Governor Nikki Haley had few surprises in her annual State of the State address Wednesday, focusing on job creation and pro-business legislation. Haley also made fixing the state’s retirement system a priority this year.
— The Senate finally began the laborious process of shifting agencies and divisions out of the massive Budget and Control Board Wednesday as it took up a bill creating the Department of Administration. While many of the state’s IT, maintenance, and human resources would move to the new Cabinet agency, Senators plan to transfer the State Budget Office and Office of Research and Statistics under the legislature’s control.
The bill would create three more panels to replace the five-member Budget and Control Board after 2013. The new Public Employee Benefit Agency would make the major decisions on employee health insurance and retirement system matters. The Rural Infrastructure Authority (created by the Legislature in 2010) would oversee funds meant for developing water and sewer systems in rural South Carolina. Meanwhile, the new State Financial Affairs Committee would approve any bonds issued by the state.
— The House passed several bills, most notably a “three-strike” law for wastewater utilities that consistently struggle with spills and overflows. The bill now heads to the governor’s desk for her signature.
— A Senate medical subcommittee advanced the “Freedom of Conscience” bill Wednesday. The bill by Rep. Greg Delleney (R-Chester) passed the House last year. It would protect nurses and other medical professionals from performing embryonic procedures or euthanasia if it goes against their beliefs. Opponents fear the bill gives employees too much leeway and hurts patients’ rights.
— A House committee is looking to possibly ease up on its proposed reforms for South Carolina’s state employee pension system. Last month, the ad hoc committee proposed requiring employees to work for 30 years (up from 28 years) and be at least 62 when they retired (previously no age limit) in order to collect full benefits. However, lawmakers backed up and ordered a consultant Wednesday to calculate the effect if those rules only covered new hires.
— A Senate Labor subcommittee moved forward with legislation that would cut back on seasonal workers’ jobless benefits. Under the bill by Sen. Kevin Bryant (R-Anderson), those workers could only collect unemployment insurance during the normal seasonal work period. They would also not be able to receive more than one-third of their normal wages. The bill now heads to the full committee.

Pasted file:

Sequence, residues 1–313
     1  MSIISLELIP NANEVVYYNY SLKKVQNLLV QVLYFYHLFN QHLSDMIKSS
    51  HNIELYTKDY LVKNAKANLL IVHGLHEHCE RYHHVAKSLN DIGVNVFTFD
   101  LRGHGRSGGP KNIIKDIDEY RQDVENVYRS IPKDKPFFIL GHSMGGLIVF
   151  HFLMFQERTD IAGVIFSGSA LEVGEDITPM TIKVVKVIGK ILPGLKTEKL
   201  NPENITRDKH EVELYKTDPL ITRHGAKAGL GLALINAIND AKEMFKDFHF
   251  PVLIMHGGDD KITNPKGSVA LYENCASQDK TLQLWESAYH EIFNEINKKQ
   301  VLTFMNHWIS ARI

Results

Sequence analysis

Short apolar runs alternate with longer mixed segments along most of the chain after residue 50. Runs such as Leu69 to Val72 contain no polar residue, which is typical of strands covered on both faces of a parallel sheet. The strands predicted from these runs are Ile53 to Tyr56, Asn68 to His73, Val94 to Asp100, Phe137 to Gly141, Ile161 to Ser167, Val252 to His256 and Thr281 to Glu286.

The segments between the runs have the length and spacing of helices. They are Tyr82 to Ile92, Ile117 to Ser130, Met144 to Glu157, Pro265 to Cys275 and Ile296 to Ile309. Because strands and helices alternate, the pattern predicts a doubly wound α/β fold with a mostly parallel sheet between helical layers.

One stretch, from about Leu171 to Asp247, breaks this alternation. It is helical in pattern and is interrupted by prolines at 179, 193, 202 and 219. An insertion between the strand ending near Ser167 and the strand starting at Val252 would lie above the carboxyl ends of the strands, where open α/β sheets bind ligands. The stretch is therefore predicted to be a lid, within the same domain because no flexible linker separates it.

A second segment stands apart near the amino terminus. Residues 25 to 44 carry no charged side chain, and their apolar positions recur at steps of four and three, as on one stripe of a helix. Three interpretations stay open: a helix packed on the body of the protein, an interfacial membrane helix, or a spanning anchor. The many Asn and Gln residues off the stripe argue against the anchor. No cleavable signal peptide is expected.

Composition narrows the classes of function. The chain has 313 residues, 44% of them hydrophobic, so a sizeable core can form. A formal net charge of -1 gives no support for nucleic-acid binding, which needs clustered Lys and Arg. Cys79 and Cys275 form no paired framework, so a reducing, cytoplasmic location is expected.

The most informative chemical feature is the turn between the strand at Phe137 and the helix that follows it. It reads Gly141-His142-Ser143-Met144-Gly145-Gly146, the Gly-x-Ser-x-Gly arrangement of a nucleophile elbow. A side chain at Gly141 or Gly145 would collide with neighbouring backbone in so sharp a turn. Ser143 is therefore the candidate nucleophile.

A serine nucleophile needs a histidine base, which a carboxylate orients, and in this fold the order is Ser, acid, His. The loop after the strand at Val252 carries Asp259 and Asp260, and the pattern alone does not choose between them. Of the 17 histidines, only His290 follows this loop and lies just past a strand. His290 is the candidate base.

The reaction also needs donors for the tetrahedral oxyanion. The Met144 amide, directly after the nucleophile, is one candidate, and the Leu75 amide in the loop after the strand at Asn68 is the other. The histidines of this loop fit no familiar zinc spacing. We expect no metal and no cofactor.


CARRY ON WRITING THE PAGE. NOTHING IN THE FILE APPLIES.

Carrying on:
— Lawmakers are about to pass legislation creating 16 more specialty license plates, even though its sponsor admits there are too many confusing plates already.
The Legislature’s Joint Other Funds Committee will hear from Commission on Higher Education officials requesting permission to use $445,000 in lottery funds for an expansion of Clemson University’s “Intelligent River” program. The money would be used to match a $1.3 million National Science Foundation grant.
— The Medical Affairs Committee will consider a bill by Sen. Harvey Peeler (R-Gaffney) that would give DHEC more power to regulate drugs. Right now, only the Legislature has the ability to ban any substances when it’s in session. The issue cropped up when health officials wanted to ban synthetic marijuana and “bath salts” last fall, but lacked the means to do so. Many fear the General Assembly cannot respond fast enough as new compounds pop up. The bill lists over 100 chemicals that could be regulated.
— A Judiciary panel will hear testimony on a bill by Rep. Eddie Tallon (R-Spartanburg) that would prohibit unemployment benefits for a person who failed a drug test while applying for job. The company that administered the test could notify the state Department of Employment and Workforce about the failed test if the person was receiving jobless benefits.
— Keeping with the theme of jobless benefits, a Business & Commerce subcommittee will hear testimony on a bill by Rep. Bill Sandifer (R-Oconee) that would impose a steep fine on those who fraudulently obtain the benefits. The proposed bill calls for a fine of up to $5,000 for a first offense, $10,000 for a second offense, and $15,000 for the third. Current law has a maximum $100 fine.
— The Ways & Means Committee will hear budget requests from several agencies Thursday, including the state Department of Education, the Department of Transportation, and the Department of Health and Human Services.